Martha May Eliot M.D. (1891-1978) is considered among the founders of the Maternal and Child Health field. She graduated from Johns Hopkins Medical School in 1918, and went on to hold a variety of highly influential national and international public service positions including Chief of the U.S. Children’s Bureau (an early iteration of the HRSA MCHB).
Julia Lathrop was a social worker and the first chief of Children’s Bureau. Lathrop said: “The theory on which the [Children’s] Bureau was created [was] that if the Government can investigate and report, the conscience and power of local communities can be depended upon for local action.”
She created the plan for the Sheppard-Towner Act that led to the Title V program and had her bill sponsored in 1918 by the nation’s first Congresswoman, Jeannette Rankin of Montana.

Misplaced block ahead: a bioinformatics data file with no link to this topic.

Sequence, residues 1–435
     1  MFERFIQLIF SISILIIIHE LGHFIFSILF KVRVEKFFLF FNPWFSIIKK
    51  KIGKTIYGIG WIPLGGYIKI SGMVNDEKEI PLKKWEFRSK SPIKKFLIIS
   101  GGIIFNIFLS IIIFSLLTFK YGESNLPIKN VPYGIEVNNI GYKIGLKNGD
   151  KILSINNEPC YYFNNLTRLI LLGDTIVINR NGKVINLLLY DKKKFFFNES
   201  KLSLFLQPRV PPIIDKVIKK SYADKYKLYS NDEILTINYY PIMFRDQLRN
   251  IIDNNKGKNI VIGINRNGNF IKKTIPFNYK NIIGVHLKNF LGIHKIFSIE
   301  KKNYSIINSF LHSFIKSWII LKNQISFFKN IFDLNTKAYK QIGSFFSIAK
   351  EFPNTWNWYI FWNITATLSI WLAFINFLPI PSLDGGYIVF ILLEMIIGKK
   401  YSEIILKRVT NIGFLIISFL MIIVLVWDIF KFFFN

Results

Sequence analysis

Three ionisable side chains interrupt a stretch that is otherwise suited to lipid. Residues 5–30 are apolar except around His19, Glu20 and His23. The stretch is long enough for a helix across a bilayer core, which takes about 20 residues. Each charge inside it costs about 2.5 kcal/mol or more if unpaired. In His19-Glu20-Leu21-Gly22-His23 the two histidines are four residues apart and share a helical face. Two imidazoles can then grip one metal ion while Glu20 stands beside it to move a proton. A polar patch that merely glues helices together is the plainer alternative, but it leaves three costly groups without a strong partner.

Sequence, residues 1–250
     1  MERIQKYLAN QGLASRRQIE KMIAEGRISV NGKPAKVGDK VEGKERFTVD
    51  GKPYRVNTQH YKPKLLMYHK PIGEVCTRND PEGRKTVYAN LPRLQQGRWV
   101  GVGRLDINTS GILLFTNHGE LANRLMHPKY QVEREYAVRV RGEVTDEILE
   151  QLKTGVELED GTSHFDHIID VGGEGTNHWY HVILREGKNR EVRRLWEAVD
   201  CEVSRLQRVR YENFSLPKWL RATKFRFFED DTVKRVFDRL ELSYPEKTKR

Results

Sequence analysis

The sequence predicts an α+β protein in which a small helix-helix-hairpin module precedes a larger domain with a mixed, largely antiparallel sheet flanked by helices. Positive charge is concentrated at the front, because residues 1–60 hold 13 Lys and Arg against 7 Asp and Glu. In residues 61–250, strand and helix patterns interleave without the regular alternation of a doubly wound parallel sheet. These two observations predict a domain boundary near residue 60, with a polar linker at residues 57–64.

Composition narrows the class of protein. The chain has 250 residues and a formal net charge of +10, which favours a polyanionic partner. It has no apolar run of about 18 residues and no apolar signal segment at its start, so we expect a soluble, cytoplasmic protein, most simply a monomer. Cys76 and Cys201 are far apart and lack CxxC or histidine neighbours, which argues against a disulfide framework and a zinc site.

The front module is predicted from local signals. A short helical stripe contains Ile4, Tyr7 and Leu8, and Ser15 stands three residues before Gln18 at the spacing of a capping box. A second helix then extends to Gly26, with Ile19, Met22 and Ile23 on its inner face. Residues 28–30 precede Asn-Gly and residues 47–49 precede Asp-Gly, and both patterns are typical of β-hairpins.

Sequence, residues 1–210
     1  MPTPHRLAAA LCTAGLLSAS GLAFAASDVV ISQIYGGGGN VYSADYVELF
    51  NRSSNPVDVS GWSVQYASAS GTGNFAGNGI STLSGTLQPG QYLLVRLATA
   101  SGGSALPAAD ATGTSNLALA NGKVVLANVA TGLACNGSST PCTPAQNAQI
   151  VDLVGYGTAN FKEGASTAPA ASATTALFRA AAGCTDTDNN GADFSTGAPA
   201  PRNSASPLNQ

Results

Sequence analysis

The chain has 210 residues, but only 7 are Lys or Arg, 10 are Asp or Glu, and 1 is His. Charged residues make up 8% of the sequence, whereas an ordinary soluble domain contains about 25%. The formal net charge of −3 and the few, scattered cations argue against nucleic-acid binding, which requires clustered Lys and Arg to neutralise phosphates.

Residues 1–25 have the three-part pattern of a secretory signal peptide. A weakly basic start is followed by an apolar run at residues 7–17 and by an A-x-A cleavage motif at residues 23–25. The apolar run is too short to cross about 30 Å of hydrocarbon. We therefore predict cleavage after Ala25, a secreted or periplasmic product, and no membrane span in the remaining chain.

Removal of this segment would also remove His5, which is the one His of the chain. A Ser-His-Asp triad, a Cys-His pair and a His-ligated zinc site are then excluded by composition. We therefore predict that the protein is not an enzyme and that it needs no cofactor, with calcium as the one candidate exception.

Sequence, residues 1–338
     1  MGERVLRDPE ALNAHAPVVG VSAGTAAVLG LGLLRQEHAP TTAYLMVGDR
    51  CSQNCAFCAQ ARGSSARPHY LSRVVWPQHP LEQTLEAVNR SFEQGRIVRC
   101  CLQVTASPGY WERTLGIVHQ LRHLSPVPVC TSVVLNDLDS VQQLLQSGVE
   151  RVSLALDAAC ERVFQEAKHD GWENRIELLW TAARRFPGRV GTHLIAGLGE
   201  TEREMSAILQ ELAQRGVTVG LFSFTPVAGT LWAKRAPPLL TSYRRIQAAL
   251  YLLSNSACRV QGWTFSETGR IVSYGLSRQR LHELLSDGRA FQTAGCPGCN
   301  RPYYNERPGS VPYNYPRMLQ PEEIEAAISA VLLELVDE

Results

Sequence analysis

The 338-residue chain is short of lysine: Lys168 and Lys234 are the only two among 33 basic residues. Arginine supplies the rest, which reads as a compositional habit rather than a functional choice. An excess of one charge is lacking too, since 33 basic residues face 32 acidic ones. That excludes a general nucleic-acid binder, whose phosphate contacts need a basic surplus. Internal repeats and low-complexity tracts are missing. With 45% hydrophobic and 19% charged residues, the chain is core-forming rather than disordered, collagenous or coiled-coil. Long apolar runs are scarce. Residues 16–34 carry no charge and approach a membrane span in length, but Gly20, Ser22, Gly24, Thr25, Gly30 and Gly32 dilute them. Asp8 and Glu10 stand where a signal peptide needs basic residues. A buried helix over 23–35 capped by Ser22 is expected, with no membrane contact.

|Dr. Josephine Baker was the first Chief of the MCH Bureau of Child Hygiene (later Bureau of Child Health) in the New York City Health Department from 1908-1923.|
In 1912, she pointed to prematurity as a problem with social economic, medical and hygenic dimensions. Baker said, "[Neonatal mortality is] not a medical problem, but in a larger sense a social problem."
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75th Anniversary of Title V
"Remembering the Impact of Title V"